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Encyclopedia > Geniohyoid muscle

The Geniohyoideus (Geniohyoid muscle) is a narrow muscle, situated above the medial border of the Mylohyoideus. It arises from the inferior mental spine on the back of the symphysis menti, and runs backward and slightly downward, to be inserted into the anterior surface of the body of the hyoid bone; it lies in contact with its fellow of the opposite side.


This article was originally based on an entry from a public domain edition of Gray's Anatomy. As such, some of the information contained herein may be outdated. Please edit the article if this is the case, and feel free to remove this notice when it is no longer relevant. The public domain comprises the body of all creative works and other knowledge—writing, artwork, music, science, inventions, and others—in which no person or organization has any proprietary interest. ... Henry Grays Anatomy of the Human Body, commonly known as Grays Anatomy, is an anatomy textbook widely regarded as a classic work on human anatomy. ...


  Results from FactBites:
 
Method for treatment of sleep apnea by electrical stimulation - Patent 5591216 (5825 words)
The geniohyoid muscle 30 is one of the elevator muscles of the hyoid 15.
The genioglossus 35, styloglossus 40 and hyoglossus 45 muscles are extrinsic muscles of the tongue 20.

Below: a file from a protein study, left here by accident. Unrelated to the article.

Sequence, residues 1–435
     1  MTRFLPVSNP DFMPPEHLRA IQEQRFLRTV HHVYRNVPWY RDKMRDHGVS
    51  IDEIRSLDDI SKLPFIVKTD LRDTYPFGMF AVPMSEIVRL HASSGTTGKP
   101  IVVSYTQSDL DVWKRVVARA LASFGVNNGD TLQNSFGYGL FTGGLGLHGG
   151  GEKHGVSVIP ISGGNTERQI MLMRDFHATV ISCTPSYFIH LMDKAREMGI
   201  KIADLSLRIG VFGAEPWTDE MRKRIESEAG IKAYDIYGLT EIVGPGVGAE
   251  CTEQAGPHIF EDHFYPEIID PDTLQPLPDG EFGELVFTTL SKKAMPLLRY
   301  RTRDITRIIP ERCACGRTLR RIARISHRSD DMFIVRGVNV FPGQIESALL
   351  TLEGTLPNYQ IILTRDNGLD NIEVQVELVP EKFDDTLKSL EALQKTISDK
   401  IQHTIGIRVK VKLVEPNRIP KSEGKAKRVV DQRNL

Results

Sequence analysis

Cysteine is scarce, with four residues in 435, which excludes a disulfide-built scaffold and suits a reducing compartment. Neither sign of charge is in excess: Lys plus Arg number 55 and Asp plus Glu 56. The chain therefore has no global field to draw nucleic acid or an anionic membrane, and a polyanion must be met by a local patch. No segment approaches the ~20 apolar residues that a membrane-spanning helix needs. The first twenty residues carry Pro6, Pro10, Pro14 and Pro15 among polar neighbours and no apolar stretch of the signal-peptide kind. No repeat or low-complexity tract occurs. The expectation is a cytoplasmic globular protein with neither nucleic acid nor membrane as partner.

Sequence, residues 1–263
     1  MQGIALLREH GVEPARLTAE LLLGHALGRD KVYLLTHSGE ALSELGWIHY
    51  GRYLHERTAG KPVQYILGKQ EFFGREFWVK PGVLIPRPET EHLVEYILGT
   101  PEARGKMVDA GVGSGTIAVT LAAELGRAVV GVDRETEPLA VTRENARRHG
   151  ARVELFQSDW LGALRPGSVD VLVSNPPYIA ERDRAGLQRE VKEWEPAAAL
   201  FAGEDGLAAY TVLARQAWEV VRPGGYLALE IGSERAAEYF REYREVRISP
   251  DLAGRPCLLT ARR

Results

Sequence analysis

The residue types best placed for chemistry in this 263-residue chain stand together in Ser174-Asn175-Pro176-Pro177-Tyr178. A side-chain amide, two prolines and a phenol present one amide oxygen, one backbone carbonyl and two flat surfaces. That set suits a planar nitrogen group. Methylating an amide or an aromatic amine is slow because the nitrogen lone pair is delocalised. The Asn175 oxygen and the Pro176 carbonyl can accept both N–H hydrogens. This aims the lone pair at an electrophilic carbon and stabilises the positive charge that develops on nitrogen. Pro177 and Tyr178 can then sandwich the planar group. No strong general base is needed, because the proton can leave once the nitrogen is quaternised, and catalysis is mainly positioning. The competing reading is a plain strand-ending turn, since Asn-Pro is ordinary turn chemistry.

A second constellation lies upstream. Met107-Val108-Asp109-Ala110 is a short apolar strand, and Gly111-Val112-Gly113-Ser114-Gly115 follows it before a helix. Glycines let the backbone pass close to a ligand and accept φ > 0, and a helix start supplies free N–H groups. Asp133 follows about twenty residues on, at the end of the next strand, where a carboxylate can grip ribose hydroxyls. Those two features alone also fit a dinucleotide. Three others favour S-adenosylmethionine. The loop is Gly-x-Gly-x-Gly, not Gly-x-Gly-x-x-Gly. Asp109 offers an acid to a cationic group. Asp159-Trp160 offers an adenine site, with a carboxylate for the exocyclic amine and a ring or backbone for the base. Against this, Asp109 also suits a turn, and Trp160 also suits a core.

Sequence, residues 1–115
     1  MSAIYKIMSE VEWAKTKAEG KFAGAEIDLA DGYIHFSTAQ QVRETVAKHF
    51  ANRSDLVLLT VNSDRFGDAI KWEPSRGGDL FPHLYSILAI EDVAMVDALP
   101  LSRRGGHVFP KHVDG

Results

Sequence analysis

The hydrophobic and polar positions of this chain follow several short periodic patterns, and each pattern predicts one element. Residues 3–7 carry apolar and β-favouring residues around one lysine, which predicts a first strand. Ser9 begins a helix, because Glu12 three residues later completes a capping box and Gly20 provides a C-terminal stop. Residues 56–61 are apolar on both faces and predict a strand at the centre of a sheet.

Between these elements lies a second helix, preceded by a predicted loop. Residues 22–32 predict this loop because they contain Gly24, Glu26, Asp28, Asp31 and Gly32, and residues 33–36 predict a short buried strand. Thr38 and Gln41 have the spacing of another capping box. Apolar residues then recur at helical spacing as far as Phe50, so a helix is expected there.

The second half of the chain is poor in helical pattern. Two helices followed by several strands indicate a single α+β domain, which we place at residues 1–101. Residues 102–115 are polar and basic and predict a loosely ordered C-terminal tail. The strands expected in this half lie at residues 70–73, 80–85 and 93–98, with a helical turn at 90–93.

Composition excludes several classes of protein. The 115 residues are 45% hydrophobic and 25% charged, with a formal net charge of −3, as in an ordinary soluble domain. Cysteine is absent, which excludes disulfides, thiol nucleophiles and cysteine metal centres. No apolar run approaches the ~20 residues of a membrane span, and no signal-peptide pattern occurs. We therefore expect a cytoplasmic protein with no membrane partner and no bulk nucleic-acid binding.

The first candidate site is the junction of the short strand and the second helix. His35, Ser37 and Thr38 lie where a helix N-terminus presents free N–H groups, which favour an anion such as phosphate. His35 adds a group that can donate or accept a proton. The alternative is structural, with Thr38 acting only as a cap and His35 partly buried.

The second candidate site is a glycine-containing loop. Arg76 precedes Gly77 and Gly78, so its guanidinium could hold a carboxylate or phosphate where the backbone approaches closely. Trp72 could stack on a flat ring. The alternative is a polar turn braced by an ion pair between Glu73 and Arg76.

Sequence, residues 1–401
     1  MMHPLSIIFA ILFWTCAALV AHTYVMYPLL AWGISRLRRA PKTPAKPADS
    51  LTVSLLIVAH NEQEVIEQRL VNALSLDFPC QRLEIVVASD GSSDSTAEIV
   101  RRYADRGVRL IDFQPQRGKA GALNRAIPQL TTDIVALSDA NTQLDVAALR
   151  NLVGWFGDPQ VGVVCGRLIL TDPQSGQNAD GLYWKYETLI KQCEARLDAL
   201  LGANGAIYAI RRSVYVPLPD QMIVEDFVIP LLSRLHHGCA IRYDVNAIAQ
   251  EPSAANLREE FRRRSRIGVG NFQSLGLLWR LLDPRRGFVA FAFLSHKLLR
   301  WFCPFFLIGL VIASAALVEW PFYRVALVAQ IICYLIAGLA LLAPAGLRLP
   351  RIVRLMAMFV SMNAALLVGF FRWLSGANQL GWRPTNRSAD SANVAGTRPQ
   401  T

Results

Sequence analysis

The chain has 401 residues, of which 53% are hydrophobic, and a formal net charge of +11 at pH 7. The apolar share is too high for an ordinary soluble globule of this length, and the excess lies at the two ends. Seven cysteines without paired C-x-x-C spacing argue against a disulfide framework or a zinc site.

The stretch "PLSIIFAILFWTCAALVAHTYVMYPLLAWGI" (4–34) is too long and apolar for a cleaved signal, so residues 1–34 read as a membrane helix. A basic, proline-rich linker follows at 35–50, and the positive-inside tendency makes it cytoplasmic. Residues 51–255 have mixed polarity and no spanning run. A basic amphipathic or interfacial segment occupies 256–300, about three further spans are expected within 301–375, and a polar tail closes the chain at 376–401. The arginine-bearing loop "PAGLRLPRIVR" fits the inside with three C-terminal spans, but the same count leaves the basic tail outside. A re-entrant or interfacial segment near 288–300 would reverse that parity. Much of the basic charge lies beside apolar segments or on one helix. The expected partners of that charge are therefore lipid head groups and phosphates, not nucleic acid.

The ansa cervicalis branch 60 innervates the sternothyroid muscle 24 and the sternohyoid muscle 22.
IV. Myology. 5c. The Supra- and Infrahyoid Muscles. Gray, Henry. 1918. Anatomy of the Human Body. (1384 words)
The Sternohyoideus (Sternohyoid muscle) is a thin, narrow muscle, which arises from the posterior surface of the medial end of the clavicle, the posterior sternoclavicular ligament, and the upper and posterior part of the manubrium sterni.
Below, this muscle is separated from its fellow by a considerable interval; but the two muscles come into contact with one another in the middle of their course, and from this upward, lie side by side.
The central tendon of this muscle varies much in length and form, and is held in position by a process of the deep cervical fascia, which sheaths it, and is prolonged down to be attached to the clavicle and first rib; it is by this means that the angular form of the muscle is maintained.
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